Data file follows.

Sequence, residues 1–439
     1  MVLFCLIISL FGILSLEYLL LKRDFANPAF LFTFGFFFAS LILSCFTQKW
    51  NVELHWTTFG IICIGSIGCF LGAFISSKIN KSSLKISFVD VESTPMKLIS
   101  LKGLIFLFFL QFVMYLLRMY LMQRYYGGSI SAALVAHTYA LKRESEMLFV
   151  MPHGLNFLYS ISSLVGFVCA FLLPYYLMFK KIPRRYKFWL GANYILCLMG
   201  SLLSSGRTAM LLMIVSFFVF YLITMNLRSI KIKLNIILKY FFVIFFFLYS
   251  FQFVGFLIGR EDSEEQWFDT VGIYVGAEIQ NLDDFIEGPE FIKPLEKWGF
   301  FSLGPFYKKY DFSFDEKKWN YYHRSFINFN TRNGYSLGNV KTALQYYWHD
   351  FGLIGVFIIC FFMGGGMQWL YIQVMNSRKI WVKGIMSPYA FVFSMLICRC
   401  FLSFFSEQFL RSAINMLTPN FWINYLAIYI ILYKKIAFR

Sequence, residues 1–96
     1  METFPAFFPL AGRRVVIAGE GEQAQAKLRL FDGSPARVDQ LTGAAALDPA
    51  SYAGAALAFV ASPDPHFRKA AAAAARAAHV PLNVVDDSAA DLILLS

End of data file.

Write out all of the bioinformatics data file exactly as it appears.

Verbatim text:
Sequence, residues 1–439
     1  MVLFCLIISL FGILSLEYLL LKRDFANPAF LFTFGFFFAS LILSCFTQKW
    51  NVELHWTTFG IICIGSIGCF LGAFISSKIN KSSLKISFVD VESTPMKLIS
   101  LKGLIFLFFL QFVMYLLRMY LMQRYYGGSI SAALVAHTYA LKRESEMLFV
   151  MPHGLNFLYS ISSLVGFVCA FLLPYYLMFK KIPRRYKFWL GANYILCLMG
   201  SLLSSGRTAM LLMIVSFFVF YLITMNLRSI KIKLNIILKY FFVIFFFLYS
   251  FQFVGFLIGR EDSEEQWFDT VGIYVGAEIQ NLDDFIEGPE FIKPLEKWGF
   301  FSLGPFYKKY DFSFDEKKWN YYHRSFINFN TRNGYSLGNV KTALQYYWHD
   351  FGLIGVFIIC FFMGGGMQWL YIQVMNSRKI WVKGIMSPYA FVFSMLICRC
   401  FLSFFSEQFL RSAINMLTPN FWINYLAIYI ILYKKIAFR

Sequence, residues 1–96
     1  METFPAFFPL AGRRVVIAGE GEQAQAKLRL FDGSPARVDQ LTGAAALDPA
    51  SYAGAALAFV ASPDPHFRKA AAAAARAAHV PLNVVDDSAA DLILLS